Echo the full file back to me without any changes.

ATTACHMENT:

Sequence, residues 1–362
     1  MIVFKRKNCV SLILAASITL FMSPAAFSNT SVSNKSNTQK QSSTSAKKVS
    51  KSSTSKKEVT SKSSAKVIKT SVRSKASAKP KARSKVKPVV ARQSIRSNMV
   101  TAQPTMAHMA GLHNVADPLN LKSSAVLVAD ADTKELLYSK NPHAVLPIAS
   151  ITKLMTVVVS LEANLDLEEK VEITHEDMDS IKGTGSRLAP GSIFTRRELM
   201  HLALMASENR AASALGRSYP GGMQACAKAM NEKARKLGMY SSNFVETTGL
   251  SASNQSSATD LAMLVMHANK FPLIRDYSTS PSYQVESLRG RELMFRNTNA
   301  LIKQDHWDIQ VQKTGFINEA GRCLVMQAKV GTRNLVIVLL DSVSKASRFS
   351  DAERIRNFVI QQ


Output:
Sequence, residues 1–362
     1  MIVFKRKNCV SLILAASITL FMSPAAFSNT SVSNKSNTQK QSSTSAKKVS
    51  KSSTSKKEVT SKSSAKVIKT SVRSKASAKP KARSKVKPVV ARQSIRSNMV
   101  TAQPTMAHMA GLHNVADPLN LKSSAVLVAD ADTKELLYSK NPHAVLPIAS
   151  ITKLMTVVVS LEANLDLEEK VEITHEDMDS IKGTGSRLAP GSIFTRRELM
   201  HLALMASENR AASALGRSYP GGMQACAKAM NEKARKLGMY SSNFVETTGL
   251  SASNQSSATD LAMLVMHANK FPLIRDYSTS PSYQVESLRG RELMFRNTNA
   301  LIKQDHWDIQ VQKTGFINEA GRCLVMQAKV GTRNLVIVLL DSVSKASRFS
   351  DAERIRNFVI QQ